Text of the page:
As opposed to the eye test which is objective? Even the subjective stats will tell how they are calculated. For the most part it is the defensive ones, and that is unavoidable. There is no way to get an objective fielding stat. For the fielding stats basically they break the field into zones and through data assign values as to how tough the play is (that is really simplified though and I'm sure rams will go into it further when he does his defensive write up. The new prevalence of shifts are starting to screw with them, however, so they need to be used with a grain of salt.
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thelawoffices


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PostPosted: Fri Jul 18, 2014 1:53 am    Post subject: Reply with quote

All I got out of this post was that Garrett Richards is awesome.

Suck it, Mesa. Wink
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And she flips out like wtf I don't like that and I'm like you don't like rodents?

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redsoxsuck05


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PostPosted: Fri Jul 18, 2014 1:57 am    Post subject: Reply with quote

Good work, rams.

As I said, there should be a stickied thread with all of these links.
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PostPosted: Fri Jul 18, 2014 2:02 am    Post subject: Reply with quote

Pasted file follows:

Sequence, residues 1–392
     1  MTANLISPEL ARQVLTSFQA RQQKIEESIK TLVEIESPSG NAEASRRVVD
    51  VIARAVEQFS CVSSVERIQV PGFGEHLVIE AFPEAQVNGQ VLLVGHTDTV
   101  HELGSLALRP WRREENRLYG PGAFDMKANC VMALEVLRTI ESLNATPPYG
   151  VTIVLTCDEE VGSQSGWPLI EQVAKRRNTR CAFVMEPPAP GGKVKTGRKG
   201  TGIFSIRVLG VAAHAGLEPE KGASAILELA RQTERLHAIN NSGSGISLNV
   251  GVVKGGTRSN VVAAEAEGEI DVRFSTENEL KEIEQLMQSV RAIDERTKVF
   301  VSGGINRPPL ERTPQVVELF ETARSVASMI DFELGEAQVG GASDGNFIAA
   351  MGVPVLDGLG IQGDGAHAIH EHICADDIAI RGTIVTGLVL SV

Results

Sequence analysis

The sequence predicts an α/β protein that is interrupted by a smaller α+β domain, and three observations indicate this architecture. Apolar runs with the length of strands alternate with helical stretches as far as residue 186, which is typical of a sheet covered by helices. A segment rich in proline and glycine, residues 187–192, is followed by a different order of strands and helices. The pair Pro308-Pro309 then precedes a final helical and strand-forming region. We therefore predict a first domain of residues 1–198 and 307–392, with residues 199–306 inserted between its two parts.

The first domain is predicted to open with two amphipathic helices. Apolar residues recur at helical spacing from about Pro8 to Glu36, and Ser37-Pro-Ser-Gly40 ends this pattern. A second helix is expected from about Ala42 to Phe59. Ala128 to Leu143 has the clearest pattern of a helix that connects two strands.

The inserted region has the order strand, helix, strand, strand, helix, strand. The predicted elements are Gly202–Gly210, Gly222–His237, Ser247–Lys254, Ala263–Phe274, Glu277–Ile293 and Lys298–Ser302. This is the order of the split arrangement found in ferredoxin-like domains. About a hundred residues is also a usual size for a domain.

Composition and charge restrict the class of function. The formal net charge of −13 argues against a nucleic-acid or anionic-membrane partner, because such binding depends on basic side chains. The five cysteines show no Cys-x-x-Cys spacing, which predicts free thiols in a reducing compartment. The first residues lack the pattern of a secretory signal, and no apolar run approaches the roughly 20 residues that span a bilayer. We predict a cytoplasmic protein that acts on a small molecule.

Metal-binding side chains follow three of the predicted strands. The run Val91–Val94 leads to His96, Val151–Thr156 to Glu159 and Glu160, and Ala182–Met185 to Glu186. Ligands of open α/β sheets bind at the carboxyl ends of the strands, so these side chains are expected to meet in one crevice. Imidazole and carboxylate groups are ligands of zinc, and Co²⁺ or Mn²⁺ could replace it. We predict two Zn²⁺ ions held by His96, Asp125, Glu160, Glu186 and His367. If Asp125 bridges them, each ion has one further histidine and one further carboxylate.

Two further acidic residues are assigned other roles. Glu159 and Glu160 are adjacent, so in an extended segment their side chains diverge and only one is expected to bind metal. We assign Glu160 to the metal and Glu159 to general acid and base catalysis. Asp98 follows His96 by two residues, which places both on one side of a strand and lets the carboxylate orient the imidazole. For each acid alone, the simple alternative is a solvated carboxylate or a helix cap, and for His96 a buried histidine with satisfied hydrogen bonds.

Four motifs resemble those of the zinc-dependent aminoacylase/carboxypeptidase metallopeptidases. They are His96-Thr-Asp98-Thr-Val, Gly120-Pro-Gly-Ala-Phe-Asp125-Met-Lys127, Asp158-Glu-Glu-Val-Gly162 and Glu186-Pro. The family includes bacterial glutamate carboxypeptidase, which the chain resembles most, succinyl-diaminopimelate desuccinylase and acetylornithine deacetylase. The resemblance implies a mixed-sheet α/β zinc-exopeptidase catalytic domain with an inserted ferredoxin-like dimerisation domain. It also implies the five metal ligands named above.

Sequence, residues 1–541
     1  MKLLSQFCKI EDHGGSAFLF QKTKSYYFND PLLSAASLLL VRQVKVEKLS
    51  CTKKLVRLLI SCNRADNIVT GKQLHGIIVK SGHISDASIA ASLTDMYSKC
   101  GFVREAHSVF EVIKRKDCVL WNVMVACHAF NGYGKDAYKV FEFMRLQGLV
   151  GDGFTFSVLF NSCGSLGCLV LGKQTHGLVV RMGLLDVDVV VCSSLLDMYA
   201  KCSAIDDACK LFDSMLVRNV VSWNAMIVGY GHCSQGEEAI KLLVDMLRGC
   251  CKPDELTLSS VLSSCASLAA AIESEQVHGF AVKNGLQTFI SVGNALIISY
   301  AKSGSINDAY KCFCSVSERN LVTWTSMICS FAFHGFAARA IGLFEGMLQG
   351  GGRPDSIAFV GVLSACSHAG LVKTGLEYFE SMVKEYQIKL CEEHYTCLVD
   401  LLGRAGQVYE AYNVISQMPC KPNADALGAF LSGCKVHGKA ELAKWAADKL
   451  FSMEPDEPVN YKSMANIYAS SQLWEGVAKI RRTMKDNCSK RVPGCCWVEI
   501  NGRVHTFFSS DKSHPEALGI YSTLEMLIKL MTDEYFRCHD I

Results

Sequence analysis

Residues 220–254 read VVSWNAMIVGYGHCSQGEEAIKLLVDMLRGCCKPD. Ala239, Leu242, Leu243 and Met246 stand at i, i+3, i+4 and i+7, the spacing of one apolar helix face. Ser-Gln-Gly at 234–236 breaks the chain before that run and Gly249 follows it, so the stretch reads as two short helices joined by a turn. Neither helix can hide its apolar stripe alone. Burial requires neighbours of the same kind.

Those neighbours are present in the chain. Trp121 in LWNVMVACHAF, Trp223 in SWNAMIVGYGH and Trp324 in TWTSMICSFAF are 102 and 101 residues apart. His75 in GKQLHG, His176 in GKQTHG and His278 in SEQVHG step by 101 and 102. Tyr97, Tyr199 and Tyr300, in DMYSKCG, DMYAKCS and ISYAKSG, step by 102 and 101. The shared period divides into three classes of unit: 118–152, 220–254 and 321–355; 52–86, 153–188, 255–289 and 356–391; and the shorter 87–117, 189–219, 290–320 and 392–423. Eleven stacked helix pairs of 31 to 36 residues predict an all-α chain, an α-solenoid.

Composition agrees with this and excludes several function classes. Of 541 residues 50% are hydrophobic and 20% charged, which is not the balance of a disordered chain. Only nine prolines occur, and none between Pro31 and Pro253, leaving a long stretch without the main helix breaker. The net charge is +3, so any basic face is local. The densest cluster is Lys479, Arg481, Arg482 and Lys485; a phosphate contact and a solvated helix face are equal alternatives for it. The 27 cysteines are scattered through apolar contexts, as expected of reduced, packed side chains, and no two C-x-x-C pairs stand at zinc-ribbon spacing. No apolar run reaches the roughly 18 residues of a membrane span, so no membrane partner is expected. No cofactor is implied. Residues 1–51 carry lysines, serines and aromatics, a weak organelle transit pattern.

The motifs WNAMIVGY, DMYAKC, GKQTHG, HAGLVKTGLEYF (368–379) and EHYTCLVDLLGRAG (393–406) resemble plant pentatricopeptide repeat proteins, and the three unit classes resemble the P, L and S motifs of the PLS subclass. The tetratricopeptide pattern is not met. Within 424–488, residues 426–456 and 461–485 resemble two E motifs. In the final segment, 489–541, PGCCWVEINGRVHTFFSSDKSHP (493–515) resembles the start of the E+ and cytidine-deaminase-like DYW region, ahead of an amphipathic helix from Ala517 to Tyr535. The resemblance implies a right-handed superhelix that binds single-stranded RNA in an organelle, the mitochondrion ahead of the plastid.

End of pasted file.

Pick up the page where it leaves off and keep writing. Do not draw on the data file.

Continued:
thelawoffices wrote:
All I got out of this post was that Garrett Richards is awesome.

Suck it, Mesa. Wink


Swing and a whiff on that one. Laughing

Tbf, though, I always did say that he had good stuff, he just finally figured out how to use it. That and his fastball used to be ridiculously flat. Now it moves like a Yu Darvish pitch somehow. Laughing

Anyways, good stuff, Rams. If you're doing any others I look forward to them. Hopefully everyone gives this a read through.

And Greenie, I was the one who posted Verlander's pitch frequency.
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ramssuperbowl99


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PostPosted: Fri Jul 18, 2014 7:28 am    Post subject: Reply with quote

mse326 wrote:
Quote:
But first things first, we need to ask ourselves, ‘is he pitching the same as he had previously?’ With Kershaw, the answer is an overwhelming, “No!” His pitch usage has changed, his slider is different than it was, and the results are bearing that out. Does that mean we should expect no regression? Probably not. After all, he’s been a big leaguer for a while now and had settled in pretty good with some fairly consistent numbers. But we know he’s better, so we need to take that into account.


I have a slight problem with this statement. We know that he is throwing pitches at a different rate and we know velocities. We know that his O-Swing% increased and the various contact% has decreased. But there is still an assumption as to why.

Throwing a slider more and harder does not mean it's better. In fact many times with breaking pitches throwing it harder makes it worse from a movement standpoint. So I wouldn't say we KNOW he's better. We know those stats are better, but we don't know if there is some luck or more importantly since we are dealing with half a season SSS issues.

It is certainly more likely than not you are correct, but that is a far cry from knowledge.